(CNN) -- The British government has apologized to Pope Benedict XVI for a Foreign Office memo suggesting that he could launch Benedict-brand condoms or bless a gay marriage when he visits the United Kingdom later this year.
Many of the ideas in the document are "clearly ill-judged, naive and disrespectful," the Foreign Office said in a statement Sunday.
The writer of the memo "has been transferred to other duties. He has been told orally and in writing that this was a serious error of judgment," the Foreign Office said.
The Vatican is steadfastly opposed to the use of condoms for any reason and to gay marriage.
The memo also includes suggestions that the pope ordain a female priest or launch an abortion clinic -- both of which are forbidden by Roman Catholic doctrine.
The document was leaked to the Sunday Telegraph newspaper. The Foreign Office confirmed to CNN that it is genuine.
It contains a number of references to the child abuse scandal sweeping the Catholic Church, such as proposals for the pope to launch a child-abuse hotline and to announce he's "sacking dodgy bishops."
The Vatican had little reaction.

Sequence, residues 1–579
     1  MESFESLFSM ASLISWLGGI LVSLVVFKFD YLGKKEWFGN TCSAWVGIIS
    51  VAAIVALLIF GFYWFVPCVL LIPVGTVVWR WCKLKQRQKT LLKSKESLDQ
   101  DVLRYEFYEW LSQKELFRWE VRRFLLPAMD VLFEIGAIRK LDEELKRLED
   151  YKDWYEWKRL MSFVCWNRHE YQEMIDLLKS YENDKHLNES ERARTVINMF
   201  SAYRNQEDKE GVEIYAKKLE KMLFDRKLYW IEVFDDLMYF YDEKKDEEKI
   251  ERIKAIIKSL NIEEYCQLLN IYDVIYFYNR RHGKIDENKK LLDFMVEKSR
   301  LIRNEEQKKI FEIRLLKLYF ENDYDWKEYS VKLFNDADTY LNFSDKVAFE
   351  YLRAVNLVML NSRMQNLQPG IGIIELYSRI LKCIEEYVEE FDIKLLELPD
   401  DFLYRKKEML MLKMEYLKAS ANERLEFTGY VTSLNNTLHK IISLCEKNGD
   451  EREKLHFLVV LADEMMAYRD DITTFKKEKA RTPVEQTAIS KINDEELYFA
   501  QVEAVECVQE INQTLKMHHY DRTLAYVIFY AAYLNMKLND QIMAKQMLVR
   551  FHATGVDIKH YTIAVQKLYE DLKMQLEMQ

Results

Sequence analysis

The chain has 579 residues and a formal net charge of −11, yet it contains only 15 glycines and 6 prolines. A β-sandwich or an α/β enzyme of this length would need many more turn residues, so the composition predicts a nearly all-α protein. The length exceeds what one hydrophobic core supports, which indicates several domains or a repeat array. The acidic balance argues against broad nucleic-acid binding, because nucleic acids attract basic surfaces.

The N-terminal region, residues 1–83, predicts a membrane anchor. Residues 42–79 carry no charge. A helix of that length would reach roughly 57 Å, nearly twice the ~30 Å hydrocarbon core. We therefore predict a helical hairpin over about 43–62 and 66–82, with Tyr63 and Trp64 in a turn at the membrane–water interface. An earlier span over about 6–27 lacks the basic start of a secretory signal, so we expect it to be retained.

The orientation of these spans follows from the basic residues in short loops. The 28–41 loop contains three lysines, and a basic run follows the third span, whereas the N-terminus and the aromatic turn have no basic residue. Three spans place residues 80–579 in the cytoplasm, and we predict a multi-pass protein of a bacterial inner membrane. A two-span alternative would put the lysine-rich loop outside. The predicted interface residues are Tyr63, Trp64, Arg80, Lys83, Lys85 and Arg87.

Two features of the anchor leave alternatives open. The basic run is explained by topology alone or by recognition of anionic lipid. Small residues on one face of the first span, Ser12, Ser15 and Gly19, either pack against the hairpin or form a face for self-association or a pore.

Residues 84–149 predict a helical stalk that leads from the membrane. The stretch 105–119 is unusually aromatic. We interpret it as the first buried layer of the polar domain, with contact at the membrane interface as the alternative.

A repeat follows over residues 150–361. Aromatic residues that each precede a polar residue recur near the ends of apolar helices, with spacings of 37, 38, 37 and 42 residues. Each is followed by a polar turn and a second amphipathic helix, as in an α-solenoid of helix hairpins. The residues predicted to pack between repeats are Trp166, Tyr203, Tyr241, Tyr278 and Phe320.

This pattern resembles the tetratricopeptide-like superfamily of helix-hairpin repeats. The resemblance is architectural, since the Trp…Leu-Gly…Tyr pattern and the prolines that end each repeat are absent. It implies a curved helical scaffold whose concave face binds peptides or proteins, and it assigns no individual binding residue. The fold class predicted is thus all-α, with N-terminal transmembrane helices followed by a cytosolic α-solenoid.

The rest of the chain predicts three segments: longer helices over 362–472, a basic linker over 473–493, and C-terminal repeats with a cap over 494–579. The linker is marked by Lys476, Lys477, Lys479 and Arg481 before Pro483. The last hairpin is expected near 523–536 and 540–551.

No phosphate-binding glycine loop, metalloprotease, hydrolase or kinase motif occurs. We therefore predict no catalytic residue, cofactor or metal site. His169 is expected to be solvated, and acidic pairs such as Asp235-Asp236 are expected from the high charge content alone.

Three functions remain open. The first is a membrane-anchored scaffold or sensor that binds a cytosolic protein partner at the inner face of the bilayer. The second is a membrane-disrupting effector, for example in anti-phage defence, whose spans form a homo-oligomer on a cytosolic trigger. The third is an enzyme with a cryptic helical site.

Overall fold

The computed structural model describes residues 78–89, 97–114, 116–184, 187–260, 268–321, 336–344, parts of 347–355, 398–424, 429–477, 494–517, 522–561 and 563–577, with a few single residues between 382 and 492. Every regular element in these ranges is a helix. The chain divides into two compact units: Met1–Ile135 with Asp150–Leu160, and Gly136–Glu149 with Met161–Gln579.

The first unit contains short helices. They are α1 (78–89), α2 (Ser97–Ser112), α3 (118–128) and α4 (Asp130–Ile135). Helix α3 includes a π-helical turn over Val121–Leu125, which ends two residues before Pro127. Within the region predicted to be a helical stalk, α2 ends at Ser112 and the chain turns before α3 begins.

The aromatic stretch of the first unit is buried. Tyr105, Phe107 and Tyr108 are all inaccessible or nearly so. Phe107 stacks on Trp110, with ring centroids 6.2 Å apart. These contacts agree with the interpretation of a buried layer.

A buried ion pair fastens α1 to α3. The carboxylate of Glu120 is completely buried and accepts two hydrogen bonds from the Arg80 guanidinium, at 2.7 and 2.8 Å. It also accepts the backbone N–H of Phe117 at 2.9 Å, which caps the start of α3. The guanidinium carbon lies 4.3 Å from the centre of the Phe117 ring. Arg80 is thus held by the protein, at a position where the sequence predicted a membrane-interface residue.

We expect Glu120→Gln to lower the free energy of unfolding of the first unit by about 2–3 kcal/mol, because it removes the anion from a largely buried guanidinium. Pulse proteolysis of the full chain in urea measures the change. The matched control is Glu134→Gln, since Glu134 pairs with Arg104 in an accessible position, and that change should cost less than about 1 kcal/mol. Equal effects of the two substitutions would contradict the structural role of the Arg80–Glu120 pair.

"The UK government has already clarified the matter and I have nothing to add," spokesman Federico Lombardi said.
But Jack Valero, a spokesman for the Catholic Bishops' Conference of England and Wales, called the memo a "joke that's gone out of control."
"It was somebody trying to be funny in an offensive sort of way," he said, adding it was "not important" and that "Catholics are used to forgiveness."
Benedict is making a four-day state visit to England and Scotland in September.
There was a small protest against the planned visit at Westminster Cathedral in London last month. About 50 demonstrators called for the pope to resign over allegations he "protected" child abusers.
Richard Dawkins, the British scientist and noted atheist, has threatened to try to have the pope arrested when he visits the UK.
Benedict said Sunday he wanted to "thank above all thank and encourage all of those who are dedicated to the prevention" of violence against and exploitation of children.
CNN's Hada Messia and Bharati Naik contributed to this report.